The Rhinog Traverse, North Wales

It’s been a while since I posted about a walk on here. It’s not for lack of days out. It’s just that I’ve been trying to write the tale of my Cuillin Ridge traverse and struggling to get it to a reasonable length (unlike the walk itself). It’s going to be a tale of disappointment and joy. Pain, exhaustion and seafood. And camping. But having written just about the experience so far it’s something like the length of a short novel. And you don’t want that.

In the meantime I thought I’d share a shorter tale of a longer walk I did a few weeks after the Cuillins. Welcome to the Rhinogs! Or Rhinogau. Or whatever you want to call this remote, lesser visited corner of north Wales sandwiched between the more famous regions of Nantlle and Cadair Idris.

I’d been looking into traversing the secretive Rhinogs for a while, and found there’s a lack of useful information on the internet apart from a couple of walk reports on Walkhighlands, next to nothing in any of my books, and so I just bought a map and tried to figure it all out myself.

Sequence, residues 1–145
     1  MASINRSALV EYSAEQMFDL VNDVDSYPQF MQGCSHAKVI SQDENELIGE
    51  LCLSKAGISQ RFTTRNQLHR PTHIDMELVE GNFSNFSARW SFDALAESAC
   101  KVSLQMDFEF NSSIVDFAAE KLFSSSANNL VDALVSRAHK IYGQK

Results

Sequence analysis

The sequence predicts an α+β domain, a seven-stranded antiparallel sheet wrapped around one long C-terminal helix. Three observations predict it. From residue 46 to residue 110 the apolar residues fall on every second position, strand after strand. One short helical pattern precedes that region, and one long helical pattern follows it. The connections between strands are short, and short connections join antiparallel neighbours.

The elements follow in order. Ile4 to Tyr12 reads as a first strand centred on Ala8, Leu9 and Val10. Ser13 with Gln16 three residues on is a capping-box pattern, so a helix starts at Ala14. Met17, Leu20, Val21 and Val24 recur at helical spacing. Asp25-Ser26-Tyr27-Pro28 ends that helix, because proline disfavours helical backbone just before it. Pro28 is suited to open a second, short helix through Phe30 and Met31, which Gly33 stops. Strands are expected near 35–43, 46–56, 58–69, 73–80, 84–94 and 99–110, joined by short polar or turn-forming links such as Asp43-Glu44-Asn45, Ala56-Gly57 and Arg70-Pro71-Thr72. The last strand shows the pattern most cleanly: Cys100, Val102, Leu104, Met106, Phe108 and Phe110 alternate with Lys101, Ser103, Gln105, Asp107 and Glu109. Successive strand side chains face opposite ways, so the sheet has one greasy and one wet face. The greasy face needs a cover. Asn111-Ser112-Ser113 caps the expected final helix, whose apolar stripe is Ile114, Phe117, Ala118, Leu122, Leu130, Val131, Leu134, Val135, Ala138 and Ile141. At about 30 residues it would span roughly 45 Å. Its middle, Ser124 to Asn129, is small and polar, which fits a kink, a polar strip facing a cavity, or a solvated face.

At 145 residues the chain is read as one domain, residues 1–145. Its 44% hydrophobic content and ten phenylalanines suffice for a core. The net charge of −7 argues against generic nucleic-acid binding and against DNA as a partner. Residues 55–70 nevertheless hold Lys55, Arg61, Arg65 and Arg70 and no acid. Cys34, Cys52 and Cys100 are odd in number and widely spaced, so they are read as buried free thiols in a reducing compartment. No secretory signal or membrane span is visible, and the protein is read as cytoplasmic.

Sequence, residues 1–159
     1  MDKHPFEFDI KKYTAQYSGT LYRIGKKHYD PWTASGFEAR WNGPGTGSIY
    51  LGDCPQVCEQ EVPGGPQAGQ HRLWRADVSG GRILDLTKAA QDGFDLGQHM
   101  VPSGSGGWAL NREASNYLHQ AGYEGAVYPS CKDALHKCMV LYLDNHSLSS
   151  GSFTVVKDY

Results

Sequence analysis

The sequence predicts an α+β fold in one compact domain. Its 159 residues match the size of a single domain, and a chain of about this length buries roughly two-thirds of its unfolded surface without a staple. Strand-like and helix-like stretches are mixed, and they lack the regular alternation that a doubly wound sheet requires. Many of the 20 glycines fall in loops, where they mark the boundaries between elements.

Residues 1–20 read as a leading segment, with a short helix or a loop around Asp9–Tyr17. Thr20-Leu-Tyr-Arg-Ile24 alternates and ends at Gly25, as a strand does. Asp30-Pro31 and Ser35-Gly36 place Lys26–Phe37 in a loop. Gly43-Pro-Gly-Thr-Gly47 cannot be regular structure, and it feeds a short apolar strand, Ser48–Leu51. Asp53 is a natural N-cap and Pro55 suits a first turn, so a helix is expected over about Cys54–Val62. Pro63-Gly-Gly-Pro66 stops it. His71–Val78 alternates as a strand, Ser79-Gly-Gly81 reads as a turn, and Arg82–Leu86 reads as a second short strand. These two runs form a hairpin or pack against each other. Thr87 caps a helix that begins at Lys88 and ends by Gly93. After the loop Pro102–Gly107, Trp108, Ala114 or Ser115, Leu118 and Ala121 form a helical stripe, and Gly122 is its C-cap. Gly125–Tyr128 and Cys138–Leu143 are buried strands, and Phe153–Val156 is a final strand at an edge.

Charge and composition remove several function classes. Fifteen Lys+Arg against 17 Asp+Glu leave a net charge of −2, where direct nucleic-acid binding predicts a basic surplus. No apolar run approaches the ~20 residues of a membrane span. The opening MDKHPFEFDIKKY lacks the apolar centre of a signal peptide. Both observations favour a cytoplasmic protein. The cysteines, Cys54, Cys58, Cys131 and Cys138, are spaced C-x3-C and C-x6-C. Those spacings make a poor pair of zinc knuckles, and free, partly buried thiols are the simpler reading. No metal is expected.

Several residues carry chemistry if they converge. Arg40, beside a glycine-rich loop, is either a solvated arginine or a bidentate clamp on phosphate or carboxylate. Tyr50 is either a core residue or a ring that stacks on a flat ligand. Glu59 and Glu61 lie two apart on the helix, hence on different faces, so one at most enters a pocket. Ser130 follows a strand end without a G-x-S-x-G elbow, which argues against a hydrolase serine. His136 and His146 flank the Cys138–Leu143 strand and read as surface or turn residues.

The first challenge was logistics. There’s no way of making this 20-something kilometre traverse into a circuit walk so start and end at your car. There’s trains and buses but timings are irregular. But I thought I had it more or less figured out to get it done over a weekend, and still be back at work in Bristol by Monday morning.

My plan was to drive to Barmouth Friday evening, catch the train to Llandecwyn on Saturday morning at 10am, walk south across various mountains and wild camp along the way, then end up back in Barmouth Sunday afternoon ready to drive home.

The first challenge was to find somewhere to stay. I rang the nearest campsite to Barmouth the week before and was told in no uncertain (and actually somewhat unfriendly) terms that under no circumstances would the campsite accept the two of us (me and regular mountaineering bud Joe) turning up around midnight and pitching up for the night. There was no way I was going to pay for a B&B for a few hours sleep, so we drove up Friday evening with nowhere to stay, and hoping to just find somewhere we could pitch up.